Objective: To examine the relationship between family meals and nutrition behaviors of adolescents.
Design: Secondary analysis of Youth'07, a nationally representative survey. Setting: Secondary schools in New Zealand. Participants: Randomly selected adolescents (aged 13-17 years, n = 9,107) completed a multimedia and anonymous survey about their health.
Variables Measured: Body mass index and eating behaviors. Analysis: Multiple logistic regression equations were used to determine the associations between family meals and body size and dietary behaviors, controlling for demographic variables.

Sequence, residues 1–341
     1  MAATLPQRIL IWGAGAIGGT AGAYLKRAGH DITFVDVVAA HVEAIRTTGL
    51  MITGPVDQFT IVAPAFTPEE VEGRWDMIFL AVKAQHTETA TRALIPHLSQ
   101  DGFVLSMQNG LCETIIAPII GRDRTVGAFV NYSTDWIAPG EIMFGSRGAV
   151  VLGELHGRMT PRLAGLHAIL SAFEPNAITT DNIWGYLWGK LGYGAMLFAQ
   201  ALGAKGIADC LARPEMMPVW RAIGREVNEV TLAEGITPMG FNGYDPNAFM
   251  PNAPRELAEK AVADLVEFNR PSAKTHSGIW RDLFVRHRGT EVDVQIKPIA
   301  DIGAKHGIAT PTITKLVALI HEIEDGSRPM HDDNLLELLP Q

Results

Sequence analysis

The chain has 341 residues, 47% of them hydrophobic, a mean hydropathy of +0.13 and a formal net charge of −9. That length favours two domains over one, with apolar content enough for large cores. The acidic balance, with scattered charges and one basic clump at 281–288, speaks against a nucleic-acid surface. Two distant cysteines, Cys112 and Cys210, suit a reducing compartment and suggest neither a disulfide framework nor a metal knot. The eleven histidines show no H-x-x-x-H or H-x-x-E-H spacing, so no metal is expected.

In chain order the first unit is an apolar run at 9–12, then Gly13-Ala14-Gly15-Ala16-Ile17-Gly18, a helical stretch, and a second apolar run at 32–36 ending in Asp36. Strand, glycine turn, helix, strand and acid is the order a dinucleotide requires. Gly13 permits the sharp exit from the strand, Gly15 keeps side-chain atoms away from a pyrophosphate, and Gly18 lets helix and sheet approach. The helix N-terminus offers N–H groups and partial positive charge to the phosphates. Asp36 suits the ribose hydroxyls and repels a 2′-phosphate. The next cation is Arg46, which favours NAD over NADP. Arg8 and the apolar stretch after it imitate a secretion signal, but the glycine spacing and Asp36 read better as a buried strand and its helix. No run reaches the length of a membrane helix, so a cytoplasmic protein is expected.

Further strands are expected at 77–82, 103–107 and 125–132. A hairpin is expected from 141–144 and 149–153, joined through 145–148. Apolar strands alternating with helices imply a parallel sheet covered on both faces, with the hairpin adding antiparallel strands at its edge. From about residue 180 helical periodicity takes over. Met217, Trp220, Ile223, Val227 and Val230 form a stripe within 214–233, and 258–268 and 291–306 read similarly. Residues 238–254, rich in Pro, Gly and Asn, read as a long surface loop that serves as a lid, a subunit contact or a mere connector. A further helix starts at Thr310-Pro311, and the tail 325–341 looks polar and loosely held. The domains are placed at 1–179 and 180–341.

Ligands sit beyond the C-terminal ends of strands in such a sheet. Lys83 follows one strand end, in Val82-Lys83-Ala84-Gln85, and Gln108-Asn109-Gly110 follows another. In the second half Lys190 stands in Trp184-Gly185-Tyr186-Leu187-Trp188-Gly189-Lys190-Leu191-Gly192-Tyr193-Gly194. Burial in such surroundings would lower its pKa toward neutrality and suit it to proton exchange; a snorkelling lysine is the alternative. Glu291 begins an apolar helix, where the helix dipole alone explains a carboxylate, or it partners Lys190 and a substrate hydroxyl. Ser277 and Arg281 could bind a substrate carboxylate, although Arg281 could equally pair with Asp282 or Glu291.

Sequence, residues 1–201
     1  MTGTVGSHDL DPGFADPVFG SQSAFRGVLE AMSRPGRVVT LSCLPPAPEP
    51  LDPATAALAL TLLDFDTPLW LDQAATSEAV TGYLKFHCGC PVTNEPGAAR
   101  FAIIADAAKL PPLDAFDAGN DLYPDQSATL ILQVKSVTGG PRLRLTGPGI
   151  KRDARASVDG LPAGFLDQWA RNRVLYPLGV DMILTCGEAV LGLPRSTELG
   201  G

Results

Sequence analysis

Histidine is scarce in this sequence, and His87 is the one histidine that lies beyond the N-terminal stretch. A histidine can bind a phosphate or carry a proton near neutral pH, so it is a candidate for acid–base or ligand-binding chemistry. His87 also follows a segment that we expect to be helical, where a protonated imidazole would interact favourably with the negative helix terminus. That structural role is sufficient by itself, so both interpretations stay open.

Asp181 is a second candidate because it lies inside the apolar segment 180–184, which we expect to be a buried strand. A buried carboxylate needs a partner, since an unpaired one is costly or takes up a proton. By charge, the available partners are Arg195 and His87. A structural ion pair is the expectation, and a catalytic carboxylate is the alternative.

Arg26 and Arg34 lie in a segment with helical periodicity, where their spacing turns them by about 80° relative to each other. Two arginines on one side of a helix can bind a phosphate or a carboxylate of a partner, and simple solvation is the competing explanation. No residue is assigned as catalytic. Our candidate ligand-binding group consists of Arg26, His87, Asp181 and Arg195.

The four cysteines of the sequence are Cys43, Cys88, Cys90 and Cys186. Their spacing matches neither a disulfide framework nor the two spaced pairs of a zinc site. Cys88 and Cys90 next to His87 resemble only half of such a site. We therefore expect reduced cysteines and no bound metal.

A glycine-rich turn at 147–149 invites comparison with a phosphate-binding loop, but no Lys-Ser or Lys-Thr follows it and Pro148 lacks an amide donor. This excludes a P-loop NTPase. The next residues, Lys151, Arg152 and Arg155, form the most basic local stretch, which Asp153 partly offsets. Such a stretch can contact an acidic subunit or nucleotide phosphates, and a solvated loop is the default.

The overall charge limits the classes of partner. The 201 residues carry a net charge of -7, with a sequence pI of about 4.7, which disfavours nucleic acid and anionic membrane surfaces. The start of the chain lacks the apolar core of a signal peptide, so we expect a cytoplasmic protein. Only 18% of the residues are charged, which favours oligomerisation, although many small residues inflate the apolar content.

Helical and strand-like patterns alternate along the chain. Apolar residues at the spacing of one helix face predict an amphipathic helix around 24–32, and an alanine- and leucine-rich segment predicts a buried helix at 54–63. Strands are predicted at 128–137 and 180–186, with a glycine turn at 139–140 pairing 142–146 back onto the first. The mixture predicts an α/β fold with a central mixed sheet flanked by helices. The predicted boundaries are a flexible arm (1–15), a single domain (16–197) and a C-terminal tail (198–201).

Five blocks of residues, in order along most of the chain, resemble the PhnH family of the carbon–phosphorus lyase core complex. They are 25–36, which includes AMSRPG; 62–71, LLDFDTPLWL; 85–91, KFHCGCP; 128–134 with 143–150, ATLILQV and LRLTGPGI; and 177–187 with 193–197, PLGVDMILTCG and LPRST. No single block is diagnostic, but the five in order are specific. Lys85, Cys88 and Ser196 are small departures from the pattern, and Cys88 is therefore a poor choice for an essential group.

Results: Nearly 60% of young people shared a meal with their families 5 or more times in the previous week. Frequent family meals were associated with greater consumption of fruits and vegetables (P < 001), and breakfast (P < 001). Adolescents who frequently shared family meals were also more likely to report that what they ate in the past week was healthy than adolescents who did not (P < 001). There was no relationship between frequency of family meals and body mass index (P = 60).
Conclusions and Implications: Data from the current study suggest that family meals cannot be used as a single strategy for obesity prevention, but they may provide an important opportunity for young people to consume healthy food.